The first, more detailed comment letter was submitted by the following civil rights and consumer organizations:
The second, short comment letter was submitted by several leading civil rights, community, consumer, and faith groups. Full text of the short letter is at bottom.
The longer, more detailed comment letter states in part:
By permitting unprecedented blending of commercial and financial activities, and by making it easier than ever to make high-cost loans above states' interest rate limits, this proposal is a recipe for disaster. And no one will feel the misery worse than the millions of households, disproportionately households of color, who are targeted by the abusive lending the proposal will proliferate...
Adding the new label 'fintech' to high-cost lending may attract investors and make it easier for banking regulators to justify their support, but it doesn't soften the blow high-cost loans land on struggling families.
[T]he proposal wholly fails to consider the strong likelihood that it will cause a significant increase in predatory lending, either directly by companies that acquire ILCs or obtain ILC charters, or indirectly through increased rent-a-bank schemes with ILC banks.
The short comment letter states in part:
These loans target financially distressed individuals, compound their debt burden, and leave them worse off. High-cost lenders also disproportionately prey on communities of color, stripping them of income, widening the racial wealth gap, and more deeply entrenching systemic racism. Rather than promote financial inclusion, as they claim, high-cost lenders fuel financial exclusion.
In March, the
Full text of the short letter:
Re: Comments on FDIC Notice of Proposed Rulemaking, Parent Companies of Industrial Banks and Industrial Loan Companies
The undersigned civil rights, community, consumer, and faith organizations write to strongly oppose the
Interest rate limits are the single most effective tool states have to protect their residents from predatory loans. Predatory loans include payday and car title loans that often carry annual interest rates as high as 300% or more. Predatory loans also include high-cost installment loans and lines of credit with rates approaching and well exceeding 100%. These loans target financially distressed individuals, compound their debt burden, and leave them worse off. High-cost lenders also disproportionately prey on communities of color, stripping them of income, widening the racial wealth gap, and more deeply entrenching systemic racism. Rather than promote financial inclusion, as they claim, high-cost lenders fuel financial exclusion.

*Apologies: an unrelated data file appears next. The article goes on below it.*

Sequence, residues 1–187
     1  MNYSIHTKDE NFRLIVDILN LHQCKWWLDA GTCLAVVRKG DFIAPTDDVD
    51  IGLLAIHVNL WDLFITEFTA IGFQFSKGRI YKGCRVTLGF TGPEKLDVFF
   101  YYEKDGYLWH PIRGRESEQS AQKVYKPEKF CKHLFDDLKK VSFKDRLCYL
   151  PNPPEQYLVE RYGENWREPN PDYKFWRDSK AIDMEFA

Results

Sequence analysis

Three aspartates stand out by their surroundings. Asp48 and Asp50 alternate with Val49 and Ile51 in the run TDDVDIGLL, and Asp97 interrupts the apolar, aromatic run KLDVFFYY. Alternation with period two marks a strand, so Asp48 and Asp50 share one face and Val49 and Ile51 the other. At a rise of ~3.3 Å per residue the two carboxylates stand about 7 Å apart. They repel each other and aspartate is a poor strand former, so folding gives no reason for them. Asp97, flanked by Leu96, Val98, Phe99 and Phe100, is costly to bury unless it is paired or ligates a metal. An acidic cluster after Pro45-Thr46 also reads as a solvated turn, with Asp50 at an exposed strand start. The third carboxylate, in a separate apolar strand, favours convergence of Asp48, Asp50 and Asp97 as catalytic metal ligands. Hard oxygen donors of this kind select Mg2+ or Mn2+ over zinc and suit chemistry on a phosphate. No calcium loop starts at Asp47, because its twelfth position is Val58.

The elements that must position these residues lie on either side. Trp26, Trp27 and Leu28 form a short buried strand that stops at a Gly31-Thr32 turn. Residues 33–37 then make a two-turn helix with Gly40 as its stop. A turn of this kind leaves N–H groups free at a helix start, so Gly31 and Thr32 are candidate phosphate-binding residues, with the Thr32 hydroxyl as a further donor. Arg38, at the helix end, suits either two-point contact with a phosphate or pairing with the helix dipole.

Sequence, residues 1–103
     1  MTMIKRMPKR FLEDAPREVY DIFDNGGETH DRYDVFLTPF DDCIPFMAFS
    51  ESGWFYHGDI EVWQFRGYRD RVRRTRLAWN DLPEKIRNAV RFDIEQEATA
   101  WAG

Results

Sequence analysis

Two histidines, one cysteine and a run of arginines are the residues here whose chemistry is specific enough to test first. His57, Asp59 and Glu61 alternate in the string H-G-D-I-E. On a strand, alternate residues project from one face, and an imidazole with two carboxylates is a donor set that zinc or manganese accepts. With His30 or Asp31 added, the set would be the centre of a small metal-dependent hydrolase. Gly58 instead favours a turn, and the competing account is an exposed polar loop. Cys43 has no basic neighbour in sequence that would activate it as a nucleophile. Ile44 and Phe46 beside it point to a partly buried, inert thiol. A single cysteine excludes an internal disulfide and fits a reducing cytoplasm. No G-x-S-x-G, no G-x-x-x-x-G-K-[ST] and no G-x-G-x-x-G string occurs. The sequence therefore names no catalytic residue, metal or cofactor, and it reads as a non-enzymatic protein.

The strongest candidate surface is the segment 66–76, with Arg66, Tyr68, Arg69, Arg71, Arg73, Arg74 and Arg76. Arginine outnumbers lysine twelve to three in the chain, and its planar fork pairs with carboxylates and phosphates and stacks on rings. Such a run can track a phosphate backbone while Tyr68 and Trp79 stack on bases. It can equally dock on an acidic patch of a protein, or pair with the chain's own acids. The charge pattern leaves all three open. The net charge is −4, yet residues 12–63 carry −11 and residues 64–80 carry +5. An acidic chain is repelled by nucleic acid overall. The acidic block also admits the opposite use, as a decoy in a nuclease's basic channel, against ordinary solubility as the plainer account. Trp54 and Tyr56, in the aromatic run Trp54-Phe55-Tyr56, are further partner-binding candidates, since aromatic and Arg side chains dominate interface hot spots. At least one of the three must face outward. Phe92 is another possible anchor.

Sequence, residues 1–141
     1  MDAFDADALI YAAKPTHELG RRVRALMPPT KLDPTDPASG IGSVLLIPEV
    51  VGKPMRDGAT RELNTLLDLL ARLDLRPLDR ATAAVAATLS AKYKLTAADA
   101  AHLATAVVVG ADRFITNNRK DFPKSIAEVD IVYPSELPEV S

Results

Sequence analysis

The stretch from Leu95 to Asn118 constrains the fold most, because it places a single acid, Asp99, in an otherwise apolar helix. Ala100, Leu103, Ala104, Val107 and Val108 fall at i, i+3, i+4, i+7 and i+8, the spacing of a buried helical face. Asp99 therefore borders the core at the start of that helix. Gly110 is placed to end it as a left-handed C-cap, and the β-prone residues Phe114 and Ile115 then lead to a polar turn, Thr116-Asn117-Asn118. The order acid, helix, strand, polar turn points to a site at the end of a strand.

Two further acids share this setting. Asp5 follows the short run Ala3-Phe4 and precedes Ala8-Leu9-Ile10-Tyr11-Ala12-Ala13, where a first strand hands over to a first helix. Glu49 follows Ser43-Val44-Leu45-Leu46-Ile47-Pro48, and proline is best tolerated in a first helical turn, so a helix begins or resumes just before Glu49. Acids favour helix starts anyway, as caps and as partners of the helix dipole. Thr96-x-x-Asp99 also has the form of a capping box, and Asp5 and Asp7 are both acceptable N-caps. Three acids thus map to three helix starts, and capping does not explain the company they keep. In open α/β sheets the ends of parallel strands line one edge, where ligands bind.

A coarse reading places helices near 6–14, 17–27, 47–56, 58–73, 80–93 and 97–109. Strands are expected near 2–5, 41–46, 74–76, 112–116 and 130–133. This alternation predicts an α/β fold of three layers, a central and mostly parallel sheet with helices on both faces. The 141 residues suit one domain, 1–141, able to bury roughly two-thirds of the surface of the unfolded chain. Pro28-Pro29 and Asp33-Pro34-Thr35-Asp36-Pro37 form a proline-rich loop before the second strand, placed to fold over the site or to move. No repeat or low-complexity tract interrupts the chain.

These high interest rates do not just make loans dramatically more expensive than mainstream loans. They also fundamentally alter the repayment structure, as borrowers can make payments for many months or even years without seeing any significant reduction in principal. As a result, these high rates also warp market incentives, where lenders succeed even if borrowers eventually default in great numbers.
This proposal comes amidst a number of attacks on state usury limits by federal banking regulators in recent years, as state-regulated lenders increasingly look to federal regulators to help them avoid state laws. The ILC charter is no different. By making it easier for predominantly online non-bank lenders to obtain bank charters, while avoiding consolidated supervision of the
A disproportionate number of ILCs are also engaged in rent-a-bank arrangements; these are all chartered in
Experience has demonstrated that parents of ILCs pose excessive risks that the
We wholly reject any notion that approval of additional ILC charters may enable lenders to meet the credit needs of the financially vulnerable. To the contrary, they would make the financially vulnerable more so by facilitating the spread of predatory lending and undermining states' ability to stop it.
We appreciate your consideration of our concerns.
Arkansans Against Abusive Payday Lending,
Arkansas Community Organizations,
Consumer Action, National
Missouri Faith Voices,
New Jersey Citizen Action,
THE ONE LESS FOUNDATION,